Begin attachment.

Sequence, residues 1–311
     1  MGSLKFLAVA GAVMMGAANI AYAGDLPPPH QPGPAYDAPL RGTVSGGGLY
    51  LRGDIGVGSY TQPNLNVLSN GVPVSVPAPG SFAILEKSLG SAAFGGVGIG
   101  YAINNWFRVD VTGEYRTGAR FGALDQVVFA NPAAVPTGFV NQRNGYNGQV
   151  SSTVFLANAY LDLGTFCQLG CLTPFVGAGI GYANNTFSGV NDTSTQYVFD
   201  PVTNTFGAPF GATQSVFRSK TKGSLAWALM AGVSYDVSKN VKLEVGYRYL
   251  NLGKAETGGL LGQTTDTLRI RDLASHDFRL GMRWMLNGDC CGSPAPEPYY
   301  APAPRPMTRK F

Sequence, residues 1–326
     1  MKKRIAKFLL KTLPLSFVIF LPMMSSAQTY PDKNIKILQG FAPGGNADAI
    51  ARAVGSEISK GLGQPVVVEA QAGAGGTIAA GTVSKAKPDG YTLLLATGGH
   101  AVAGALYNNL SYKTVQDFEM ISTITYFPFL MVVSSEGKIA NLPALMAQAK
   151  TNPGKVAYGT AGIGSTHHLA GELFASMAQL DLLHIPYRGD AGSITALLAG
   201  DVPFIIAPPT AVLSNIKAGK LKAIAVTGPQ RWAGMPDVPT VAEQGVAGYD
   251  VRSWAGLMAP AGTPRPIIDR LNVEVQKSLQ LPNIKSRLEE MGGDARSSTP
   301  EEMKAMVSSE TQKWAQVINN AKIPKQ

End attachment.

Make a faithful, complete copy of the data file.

Sequence, residues 1–311
     1  MGSLKFLAVA GAVMMGAANI AYAGDLPPPH QPGPAYDAPL RGTVSGGGLY
    51  LRGDIGVGSY TQPNLNVLSN GVPVSVPAPG SFAILEKSLG SAAFGGVGIG
   101  YAINNWFRVD VTGEYRTGAR FGALDQVVFA NPAAVPTGFV NQRNGYNGQV
   151  SSTVFLANAY LDLGTFCQLG CLTPFVGAGI GYANNTFSGV NDTSTQYVFD
   201  PVTNTFGAPF GATQSVFRSK TKGSLAWALM AGVSYDVSKN VKLEVGYRYL
   251  NLGKAETGGL LGQTTDTLRI RDLASHDFRL GMRWMLNGDC CGSPAPEPYY
   301  APAPRPMTRK F

Sequence, residues 1–326
     1  MKKRIAKFLL KTLPLSFVIF LPMMSSAQTY PDKNIKILQG FAPGGNADAI
    51  ARAVGSEISK GLGQPVVVEA QAGAGGTIAA GTVSKAKPDG YTLLLATGGH
   101  AVAGALYNNL SYKTVQDFEM ISTITYFPFL MVVSSEGKIA NLPALMAQAK
   151  TNPGKVAYGT AGIGSTHHLA GELFASMAQL DLLHIPYRGD AGSITALLAG
   201  DVPFIIAPPT AVLSNIKAGK LKAIAVTGPQ RWAGMPDVPT VAEQGVAGYD
   251  VRSWAGLMAP AGTPRPIIDR LNVEVQKSLQ LPNIKSRLEE MGGDARSSTP
   301  EEMKAMVSSE TQKWAQVINN AKIPKQ